Out of Control Policy Blog

How History Shows Private Equity is Infinitely Better than a Stimulus

As the government considers "investing" massive amounts of money into national infrastructure plans or other ventures in order to "stimulate the economy", Congressman would do well to consider history. Just a cursory glance at historical trends show that private enterprise has always been the most efficient and effective means for developing new technologies, reaching great infrastructure goals, and moving society forward.

As John Sparks noted in his 1954 essay "If Men Were Free to Try" published by FEE:

Private ownership, private initiative, the hope of reward, and the expectation of achievement have always been primarily responsible for the advancement of mankind. Continued progress–be it spiritual, mental, or material–rests squarely upon a better understanding of the idea of individual freedom of choice and action, with personal responsibility for one's own decisions.

Sparks goes on to suggest a thought experiment. Suppose it is the year 1900 and the government was considering spending a large sum of taxpayer dollars (as it is today) with the goal of seeking a solution to any one of the following problems:

  1. To build and maintain roads adequate for use of conveyances, their operators, and passengers.
  2. To increase the average span of life by 30 years.
  3. To convey instantly the sound of a voice speaking at one place to any other point or any number of points around the world.
  4. To convey instantly the visual replica of an action to men and women in their living rooms all over America.
  5. To develop a medical preventive against death from pneumonia (or polio).
  6. To physically transport a person from Los Angeles to New York in less than four hours.
  7. To build a horseless carriage of the qualities and capabilities described in the latest advertising folder of any automobile manufacturer.
Most likely, a government official considering this list in 1900 would have thought the first item to be the easiest to solve. As Sparks said, "In fact, the other problems would have seemed fantastic and quite likely would have been rejected as the figments of someone's wild imagination."

The irony is that, of these developments, they all occurred rapidly through private development. Private medical advances have nearly doubled life expectancy since 1900. Pneumonia and polio are essentially cured--thanks to private research. Audio and telecommunications technologies have exploded in ways never dreamed of in 1900, despite government interventions, and we now have the cell phone and HDTV. Not by government design, by 1908 there were horseless carriages (cars and trucks) on the road. Within just a decade GM and Ford were producing affordable cars for thousands. And we all know the story of Orville and Wilber Wright, two entrepreneurs who wanted to develop the ability to fly. Now thanks to private air industry (especially post-CAB regulations) we can fly from New York to LA faster than ever and have thousands of flights crisscrossing the world every minute. (Note that private train travel, dominated by the government, is stagnate and dying).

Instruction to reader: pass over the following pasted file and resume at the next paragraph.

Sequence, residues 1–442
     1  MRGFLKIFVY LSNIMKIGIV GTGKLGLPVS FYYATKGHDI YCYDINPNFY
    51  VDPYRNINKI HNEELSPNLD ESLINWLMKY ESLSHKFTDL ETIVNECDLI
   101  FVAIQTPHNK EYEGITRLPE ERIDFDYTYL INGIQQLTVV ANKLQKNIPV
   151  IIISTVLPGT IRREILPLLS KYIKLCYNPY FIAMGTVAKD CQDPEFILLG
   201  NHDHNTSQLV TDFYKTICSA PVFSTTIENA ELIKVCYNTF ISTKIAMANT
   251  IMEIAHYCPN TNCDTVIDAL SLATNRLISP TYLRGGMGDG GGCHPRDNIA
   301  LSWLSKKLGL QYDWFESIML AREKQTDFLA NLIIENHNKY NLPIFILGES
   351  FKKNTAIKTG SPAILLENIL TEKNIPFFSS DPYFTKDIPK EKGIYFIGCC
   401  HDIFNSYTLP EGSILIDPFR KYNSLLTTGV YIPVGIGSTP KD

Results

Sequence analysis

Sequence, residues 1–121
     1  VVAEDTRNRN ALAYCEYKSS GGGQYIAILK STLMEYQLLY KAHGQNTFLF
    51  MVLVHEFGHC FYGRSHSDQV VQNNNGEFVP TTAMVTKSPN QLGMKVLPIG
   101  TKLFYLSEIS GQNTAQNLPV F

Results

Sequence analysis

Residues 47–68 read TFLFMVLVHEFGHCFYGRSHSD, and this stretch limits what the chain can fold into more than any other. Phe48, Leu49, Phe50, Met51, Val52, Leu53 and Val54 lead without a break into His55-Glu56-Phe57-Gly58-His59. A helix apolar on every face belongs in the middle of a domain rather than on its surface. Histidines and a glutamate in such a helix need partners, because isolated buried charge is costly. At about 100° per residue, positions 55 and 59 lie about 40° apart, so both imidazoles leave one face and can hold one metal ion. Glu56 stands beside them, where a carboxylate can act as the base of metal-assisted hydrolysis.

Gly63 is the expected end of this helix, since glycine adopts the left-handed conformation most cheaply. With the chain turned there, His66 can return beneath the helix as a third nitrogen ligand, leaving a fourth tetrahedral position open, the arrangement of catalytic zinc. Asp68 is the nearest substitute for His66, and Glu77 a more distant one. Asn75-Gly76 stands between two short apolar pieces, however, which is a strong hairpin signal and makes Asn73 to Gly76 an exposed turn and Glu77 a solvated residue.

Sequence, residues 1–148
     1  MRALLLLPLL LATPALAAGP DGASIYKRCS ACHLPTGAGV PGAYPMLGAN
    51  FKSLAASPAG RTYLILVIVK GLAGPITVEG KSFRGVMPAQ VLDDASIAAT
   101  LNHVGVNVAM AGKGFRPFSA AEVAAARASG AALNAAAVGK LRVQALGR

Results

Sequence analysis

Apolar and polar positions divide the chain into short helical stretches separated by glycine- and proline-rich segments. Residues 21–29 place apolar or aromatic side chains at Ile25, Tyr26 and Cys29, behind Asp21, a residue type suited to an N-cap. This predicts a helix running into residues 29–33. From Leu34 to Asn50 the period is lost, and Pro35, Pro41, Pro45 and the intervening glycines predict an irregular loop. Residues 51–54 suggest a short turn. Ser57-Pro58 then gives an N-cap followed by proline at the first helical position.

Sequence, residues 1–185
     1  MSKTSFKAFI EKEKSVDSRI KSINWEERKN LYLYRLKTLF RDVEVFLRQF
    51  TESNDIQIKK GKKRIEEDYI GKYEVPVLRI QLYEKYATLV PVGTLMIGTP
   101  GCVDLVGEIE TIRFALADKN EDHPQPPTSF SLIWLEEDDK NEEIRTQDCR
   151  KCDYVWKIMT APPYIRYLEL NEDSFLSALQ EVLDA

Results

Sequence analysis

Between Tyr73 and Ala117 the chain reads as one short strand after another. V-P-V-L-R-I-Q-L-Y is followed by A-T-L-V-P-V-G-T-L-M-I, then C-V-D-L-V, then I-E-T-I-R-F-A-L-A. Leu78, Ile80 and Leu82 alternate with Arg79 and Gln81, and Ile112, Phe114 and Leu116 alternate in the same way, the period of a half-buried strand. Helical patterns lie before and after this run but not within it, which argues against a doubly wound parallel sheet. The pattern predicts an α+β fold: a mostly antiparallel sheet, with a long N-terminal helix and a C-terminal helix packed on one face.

Meanwhile the creation of roads--the government project--has taken much longer to develop, has not been completely or efficiently completed, has needed private equity in many places (with the expansion of toll roads), has not been efficiently maintained, nor was really energetically pursued until the Eisenhower interstate projects post-WWII (largely as a defense project as well).

Sparks said in his essay: "It is not accidental that solutions have been found wherever the atmosphere of freedom and private ownership has prevailed wherein men could try out their ideas and succeed or fail on their own worthiness. Nor is it accidental that the coercive force of government–when hooked up to a creative field such as transportation–has been slow, plodding, and unimaginative in maintaining and replacing its facilities."

The federal government, now considering such stimulus projects, should bear these truths in mind, before they go off throwing away another trillion here and trillion there.

Anthony Randazzo is Director of Economic Research


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